Friday, October 19, 2012

Many Strong Voices Advisory Committee Meets In Washington

The Many Strong Voices Advisory Committee met this week in Washington, DC to plan the organization's strategy for the next three years.

Auyuittuq - The Land that Never Melts is Melting
The committee, consisting of volunteers from around the world, meet once a year, sometimes is a Small Island Developing State and sometimes in the Arctic and occasionally, as we did this year, in a location halfway between the two.

The goal of Many Strong Voices (MSV) is to promote the well-being, security, and sustainability of coastal communities in the Arctic and Small Island Developing States (SIDS) by bringing these regions together to take action on climate change mitigation and adaptation, and to tell their stories to the world.

New wind turbine in the Seychelles
The Arctic and SIDS are barometers of global environmental change. As they are on the frontlines of climate change, they are also critical testing grounds for the ideas and programmes that will strengthen the adaptive capacities of human societies confronting climate change.

Why link the Arctic and Small Island Developing States?

At first glance, the Arctic and Small Island Developing States appear to have little in common. Yet Arctic and SIDS societies share characteristics of vulnerability and resilience, and both of their environments are sensitive to climate change impacts.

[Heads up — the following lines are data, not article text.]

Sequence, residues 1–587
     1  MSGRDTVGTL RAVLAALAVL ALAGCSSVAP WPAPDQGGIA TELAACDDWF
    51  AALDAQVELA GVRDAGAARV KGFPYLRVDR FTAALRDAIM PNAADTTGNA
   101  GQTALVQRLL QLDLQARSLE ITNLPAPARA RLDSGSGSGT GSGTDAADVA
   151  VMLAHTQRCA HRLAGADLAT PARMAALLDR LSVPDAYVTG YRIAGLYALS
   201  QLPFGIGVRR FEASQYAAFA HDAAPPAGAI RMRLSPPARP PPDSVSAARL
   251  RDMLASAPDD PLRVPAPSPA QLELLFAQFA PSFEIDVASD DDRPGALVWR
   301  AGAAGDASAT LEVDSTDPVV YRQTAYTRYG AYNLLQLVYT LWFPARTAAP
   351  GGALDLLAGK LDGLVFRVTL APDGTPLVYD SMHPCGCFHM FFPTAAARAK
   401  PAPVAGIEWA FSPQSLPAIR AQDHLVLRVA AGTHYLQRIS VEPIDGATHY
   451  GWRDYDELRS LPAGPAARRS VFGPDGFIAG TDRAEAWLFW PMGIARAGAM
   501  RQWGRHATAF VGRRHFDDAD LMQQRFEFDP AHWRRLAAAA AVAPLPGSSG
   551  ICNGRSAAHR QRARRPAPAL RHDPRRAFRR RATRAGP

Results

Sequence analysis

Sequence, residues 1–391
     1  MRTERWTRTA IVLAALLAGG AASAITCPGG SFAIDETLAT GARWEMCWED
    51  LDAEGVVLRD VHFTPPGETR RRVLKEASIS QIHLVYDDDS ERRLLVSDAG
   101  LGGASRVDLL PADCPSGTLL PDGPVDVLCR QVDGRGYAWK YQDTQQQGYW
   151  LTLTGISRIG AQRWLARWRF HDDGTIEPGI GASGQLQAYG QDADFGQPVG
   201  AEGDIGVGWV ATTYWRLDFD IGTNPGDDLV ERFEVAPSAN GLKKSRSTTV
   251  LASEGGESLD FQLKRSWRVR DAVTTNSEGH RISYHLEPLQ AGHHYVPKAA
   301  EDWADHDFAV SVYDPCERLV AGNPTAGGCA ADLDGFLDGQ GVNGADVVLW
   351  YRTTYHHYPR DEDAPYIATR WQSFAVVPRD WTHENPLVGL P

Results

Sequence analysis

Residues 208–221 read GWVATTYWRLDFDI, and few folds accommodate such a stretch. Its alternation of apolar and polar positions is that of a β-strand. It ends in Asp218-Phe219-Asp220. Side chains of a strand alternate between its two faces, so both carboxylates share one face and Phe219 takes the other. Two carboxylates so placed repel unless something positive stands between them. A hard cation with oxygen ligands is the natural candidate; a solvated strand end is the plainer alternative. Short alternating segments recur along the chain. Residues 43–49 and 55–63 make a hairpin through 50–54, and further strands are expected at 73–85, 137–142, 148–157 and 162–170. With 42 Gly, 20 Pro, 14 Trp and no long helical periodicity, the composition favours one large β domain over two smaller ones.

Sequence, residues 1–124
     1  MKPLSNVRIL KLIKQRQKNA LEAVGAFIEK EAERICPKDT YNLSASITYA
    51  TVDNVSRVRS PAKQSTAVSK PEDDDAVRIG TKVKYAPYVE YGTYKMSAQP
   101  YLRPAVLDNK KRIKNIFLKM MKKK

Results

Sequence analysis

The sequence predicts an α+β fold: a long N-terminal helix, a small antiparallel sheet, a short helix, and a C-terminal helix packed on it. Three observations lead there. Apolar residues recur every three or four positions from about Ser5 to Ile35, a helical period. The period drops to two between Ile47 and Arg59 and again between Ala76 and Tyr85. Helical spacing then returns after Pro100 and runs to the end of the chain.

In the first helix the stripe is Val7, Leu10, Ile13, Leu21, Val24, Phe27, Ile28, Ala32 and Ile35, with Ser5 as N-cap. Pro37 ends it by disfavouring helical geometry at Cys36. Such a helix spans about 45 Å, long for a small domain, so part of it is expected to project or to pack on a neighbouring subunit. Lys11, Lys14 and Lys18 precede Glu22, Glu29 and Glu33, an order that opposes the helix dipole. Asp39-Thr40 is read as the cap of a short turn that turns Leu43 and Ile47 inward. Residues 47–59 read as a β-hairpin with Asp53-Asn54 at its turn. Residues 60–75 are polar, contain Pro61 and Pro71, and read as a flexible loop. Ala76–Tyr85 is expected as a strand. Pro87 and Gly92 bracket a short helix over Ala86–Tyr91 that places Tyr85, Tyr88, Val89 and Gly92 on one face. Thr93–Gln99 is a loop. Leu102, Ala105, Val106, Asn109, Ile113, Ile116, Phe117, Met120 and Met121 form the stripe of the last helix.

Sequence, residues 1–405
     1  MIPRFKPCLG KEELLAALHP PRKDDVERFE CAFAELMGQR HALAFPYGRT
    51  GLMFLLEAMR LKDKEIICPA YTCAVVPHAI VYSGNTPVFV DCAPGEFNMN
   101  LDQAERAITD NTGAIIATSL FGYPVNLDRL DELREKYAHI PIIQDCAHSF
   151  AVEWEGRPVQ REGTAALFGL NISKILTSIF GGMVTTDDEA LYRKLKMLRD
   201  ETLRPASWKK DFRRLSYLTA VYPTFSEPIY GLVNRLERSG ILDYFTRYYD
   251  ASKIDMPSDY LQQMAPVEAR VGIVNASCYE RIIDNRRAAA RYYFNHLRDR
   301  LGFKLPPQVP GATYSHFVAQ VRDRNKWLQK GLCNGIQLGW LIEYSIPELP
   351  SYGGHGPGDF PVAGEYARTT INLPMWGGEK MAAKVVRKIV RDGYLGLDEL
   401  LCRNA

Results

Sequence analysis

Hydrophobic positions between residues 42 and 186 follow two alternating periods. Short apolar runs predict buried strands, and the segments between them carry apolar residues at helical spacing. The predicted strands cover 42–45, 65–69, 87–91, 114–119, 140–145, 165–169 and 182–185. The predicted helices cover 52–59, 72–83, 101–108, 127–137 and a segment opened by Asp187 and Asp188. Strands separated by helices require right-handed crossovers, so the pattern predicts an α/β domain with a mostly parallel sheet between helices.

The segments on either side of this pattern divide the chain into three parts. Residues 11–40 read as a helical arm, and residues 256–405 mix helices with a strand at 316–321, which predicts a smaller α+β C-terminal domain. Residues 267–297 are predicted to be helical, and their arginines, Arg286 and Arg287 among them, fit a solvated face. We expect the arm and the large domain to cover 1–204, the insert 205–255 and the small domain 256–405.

MSV committee members at work
Although natural and human environments in the two regions differ markedly, the effects of climate change threaten the ecology, economies, and the social and cultural fabric of both regions posing serious challenges for their sustainable development. While communities in both regions have adapted to changing conditions in the past, climate change presents a new and formidable challenge.

The impact of climate change on coastal zones is an important common denominator between the two regions and provides a context for comparing vulnerability and adaptation processes. Developing adaptation strategies that contribute to sustainable development in both regions is the key to their longterm survival. At the same time, successful adaptation requires immediate and deep cuts to global greenhouse gas emissions.

Lessons learned through MSV support policy development at local, regional, and international levels. They provide decision-makers in the two regions with the knowledge to safeguard and strengthen vulnerable social, economic, and natural systems. More